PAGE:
[0068]FIG. 16 is a graph for the gain function of Eq. 13 in which the gain is plotted versus the relative frequency (f/fs). A phase response, which can be expressed according to Eq. 14, is shown in FIG. 17 for the three-tap interpolator in accordance with an aspect of the present invention. φ ( f , a ) = 180 π arctan [ c 1 sin ( f f s 2 π ) + c 2 sin ( f f s 4 π ) c 0 + c 1 cos ( f f s 2 π ) + c 2 cos ( f f s 4 π ) ] Eq . 14

[0069] From FIGS. 16 and 17, it is shown that the three tap interpolator employing coefficients non-linear in the positioning vector, in accordance with an aspect of the present invention, provides improved image quality, such as when compared to the two-tap interpolators described herein. For example, employing the IQI of Eq. 5, the three-tap interpolator provides a quantifiable IQI value of about 29.776 dB.

[0070] It is to be appreciated that further improvements in the image quality can be obtained by increasing the number of taps to provide a four-tap interpolation filter programmed and/or configured in accordance with an aspect of the present invention. Similarly to the three-tap filter, a set of coefficients can be derived for a four-tap interpolator, which coefficients are all non-linear with respect to a positioning vector.

[0071] For example, by employing an optimization technique (e.g., Monte Carlos analysis) in conjunction with the IQI of Eq. 5, a set of coefficients C3, C2, C1 and C0 can be derived for the four-tap filter. The values of the coefficients thus can be expressed as: C 3 = 1 - 2 4 [ 1 - 4 ( a - 1 2 ) 2 ] Eq . 15 C 2 = cos ( a π 2 ) + C 3 Eq . 16

C 1=1−C 2−2C 3  Eq. 17

C0=C3  Eq. 18

[0072] Because of symmetry associated with a four-tap filter, two of the coefficients C3 and C0 are identical. Examples of non-linear interpolation coefficients plotted as a function of the positioning vector a according to Eqs. 15-18, in accordance with an aspect of the present invention, are depicted in FIGS. 18, 19, and 20.

[0073] A gain function for a four-tap filter configured for horizontal scaling in accordance with an aspect of the present invention can be expressed as: G ( f , a ) = c 0 + c 1 - j f f s 2 π + c 2 - j f f s 4 π + c 3 - j f f s 6 π Eq . 19

[0074] It is to be appreciated that the gain function could be extended for vertical or temporal scaling, such as by adding appropriate terms to accommodate the increased number of pixels associated with such scaling. The gain function of Eq. 19 is plotted in FIG. 21, in which the gain G is plotted versus relative frequency for a plurality of positioning vector values. The gain G is symmetric about the positioning vector of a=0.5 due to symmetry associated with the four tap filter.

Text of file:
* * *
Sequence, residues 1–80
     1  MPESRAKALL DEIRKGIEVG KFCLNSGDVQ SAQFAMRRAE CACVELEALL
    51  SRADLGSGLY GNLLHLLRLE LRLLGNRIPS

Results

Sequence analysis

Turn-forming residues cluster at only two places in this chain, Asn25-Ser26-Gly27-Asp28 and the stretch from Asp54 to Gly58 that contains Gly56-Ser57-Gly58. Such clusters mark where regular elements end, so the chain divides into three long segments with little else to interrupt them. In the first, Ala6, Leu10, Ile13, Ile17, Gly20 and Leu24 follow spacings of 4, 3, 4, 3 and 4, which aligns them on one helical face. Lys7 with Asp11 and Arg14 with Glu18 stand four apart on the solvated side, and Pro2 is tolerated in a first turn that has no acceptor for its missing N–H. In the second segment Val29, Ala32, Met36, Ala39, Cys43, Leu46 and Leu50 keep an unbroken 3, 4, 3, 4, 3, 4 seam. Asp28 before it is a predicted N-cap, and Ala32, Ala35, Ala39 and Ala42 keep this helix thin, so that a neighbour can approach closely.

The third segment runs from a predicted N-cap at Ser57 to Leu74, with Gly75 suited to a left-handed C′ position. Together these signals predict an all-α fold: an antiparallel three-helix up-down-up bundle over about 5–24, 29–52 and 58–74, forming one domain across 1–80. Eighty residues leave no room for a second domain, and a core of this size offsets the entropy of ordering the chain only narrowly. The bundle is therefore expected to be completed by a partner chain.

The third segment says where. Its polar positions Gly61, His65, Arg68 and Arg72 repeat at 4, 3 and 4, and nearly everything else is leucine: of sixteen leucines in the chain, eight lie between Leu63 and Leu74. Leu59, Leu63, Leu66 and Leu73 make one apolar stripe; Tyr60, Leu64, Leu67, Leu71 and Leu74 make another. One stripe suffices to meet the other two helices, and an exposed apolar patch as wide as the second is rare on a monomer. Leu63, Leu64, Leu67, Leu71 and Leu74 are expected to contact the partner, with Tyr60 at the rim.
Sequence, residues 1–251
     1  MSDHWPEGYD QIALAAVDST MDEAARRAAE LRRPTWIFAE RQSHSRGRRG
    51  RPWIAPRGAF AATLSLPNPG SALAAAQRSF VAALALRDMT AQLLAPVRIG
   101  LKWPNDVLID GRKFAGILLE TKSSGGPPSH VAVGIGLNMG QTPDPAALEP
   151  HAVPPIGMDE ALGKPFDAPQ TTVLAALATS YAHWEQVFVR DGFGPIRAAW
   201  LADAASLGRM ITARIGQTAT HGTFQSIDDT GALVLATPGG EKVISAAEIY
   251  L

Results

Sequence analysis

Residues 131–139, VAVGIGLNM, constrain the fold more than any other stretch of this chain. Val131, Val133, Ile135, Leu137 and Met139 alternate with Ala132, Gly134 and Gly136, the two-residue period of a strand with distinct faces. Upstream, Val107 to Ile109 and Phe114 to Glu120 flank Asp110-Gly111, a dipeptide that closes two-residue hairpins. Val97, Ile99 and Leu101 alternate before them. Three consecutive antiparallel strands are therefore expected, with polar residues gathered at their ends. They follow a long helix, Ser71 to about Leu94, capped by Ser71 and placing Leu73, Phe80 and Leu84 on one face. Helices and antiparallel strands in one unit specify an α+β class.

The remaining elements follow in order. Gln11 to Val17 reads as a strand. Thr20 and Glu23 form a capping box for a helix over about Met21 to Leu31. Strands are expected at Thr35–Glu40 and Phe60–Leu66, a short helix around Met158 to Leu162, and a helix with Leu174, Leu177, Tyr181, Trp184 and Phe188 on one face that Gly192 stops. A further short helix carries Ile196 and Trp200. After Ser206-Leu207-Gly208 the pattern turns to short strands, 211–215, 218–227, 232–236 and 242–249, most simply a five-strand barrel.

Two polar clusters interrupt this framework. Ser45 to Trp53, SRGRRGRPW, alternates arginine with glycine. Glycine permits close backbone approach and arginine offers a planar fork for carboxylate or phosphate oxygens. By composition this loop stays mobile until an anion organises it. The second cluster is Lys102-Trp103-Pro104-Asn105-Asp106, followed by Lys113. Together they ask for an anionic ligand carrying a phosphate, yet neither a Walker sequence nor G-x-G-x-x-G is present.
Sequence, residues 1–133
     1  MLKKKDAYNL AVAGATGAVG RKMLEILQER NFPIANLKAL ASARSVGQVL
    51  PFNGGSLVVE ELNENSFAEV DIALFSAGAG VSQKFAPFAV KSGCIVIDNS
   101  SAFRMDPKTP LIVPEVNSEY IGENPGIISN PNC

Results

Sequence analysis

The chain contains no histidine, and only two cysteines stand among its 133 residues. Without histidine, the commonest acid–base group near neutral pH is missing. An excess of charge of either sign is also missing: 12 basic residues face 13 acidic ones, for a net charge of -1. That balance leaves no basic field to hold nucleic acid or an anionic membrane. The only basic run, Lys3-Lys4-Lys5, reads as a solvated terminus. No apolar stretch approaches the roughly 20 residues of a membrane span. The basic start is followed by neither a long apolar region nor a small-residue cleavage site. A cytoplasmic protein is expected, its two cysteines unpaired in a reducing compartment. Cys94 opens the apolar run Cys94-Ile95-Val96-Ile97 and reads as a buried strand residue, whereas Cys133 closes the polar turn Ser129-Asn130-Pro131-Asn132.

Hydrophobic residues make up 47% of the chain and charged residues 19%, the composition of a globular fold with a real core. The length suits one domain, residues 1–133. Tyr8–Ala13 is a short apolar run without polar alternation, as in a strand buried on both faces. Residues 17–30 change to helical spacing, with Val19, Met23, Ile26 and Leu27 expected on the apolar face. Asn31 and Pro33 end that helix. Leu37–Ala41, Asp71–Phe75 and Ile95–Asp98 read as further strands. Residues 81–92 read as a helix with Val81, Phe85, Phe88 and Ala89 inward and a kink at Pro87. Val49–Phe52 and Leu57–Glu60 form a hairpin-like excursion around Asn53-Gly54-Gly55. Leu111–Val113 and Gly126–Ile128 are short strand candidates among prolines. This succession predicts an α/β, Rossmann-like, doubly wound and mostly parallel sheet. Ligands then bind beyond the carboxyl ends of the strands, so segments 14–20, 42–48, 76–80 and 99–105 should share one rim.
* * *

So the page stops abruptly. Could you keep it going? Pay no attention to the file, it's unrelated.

[0075] A phase response for the four-tap filter, in accordance with an aspect of the present invention, can be expressed as follows: φ ( f , a ) = 180 π arctan [ C 1 sin ( f f s 2 π ) + C 2 sin ( f f s 4 π ) + C 3 sin ( f f s 6 π ) C 0 + C 1 cos ( f f s 2 π ) + C 2 cos ( f f s 4 π ) + C 3 cos ( f f s 6 π ) ] Eq . 20

[0076] The phase response, according to Eq. 20, is depicted in FIG. 22, in which the phase is plotted versus relative frequency for a plurality of positioning vector values. A comparison of the gain and phase responses relative to those previously described herein, demonstrates improved performance, which translates into further improvements in image quality. For example, application of the IQI, as defined above in Eq. 5 for the two-tap interpolator, provides an IQI of 31.653 dB for the four-tap interpolator having the interpolation coefficients of Eqs. 15-18.

[0077] In view of the various multi-tap filters described above, a system 300 for implementing three-dimensional scaling is illustrated in FIG. 23. In particular, the system 300 includes a cascade of a polyphase interpolation filter 302 for horizontal sample rate conversion, a polyphase interpolation filter 304 for vertical sample rate conversion, and a polyphase interpolation filter 306 for temporal sample rate conversion. It is to be understood and appreciated that the number of taps in each of the respective filters 302, 304, 306 can be the same or different. Each of the filters 302, 304, 306 is associated with a respective buffer (or register) 308, 310, 312. While separate buffers 308, 310, and 312 are illustrated in the example of FIG. 23, it is to be understood and appreciated that a set of one or more buffers could be implemented for storing pixel data needed for performing desired scaling in each of the filters. At least some (one or more) of the filters 302, 304 and 306 are programmed and/or configured so that their respective interpolation coefficients are all non-linear with respect to an associated positioning vector in accordance with an aspect of the present invention.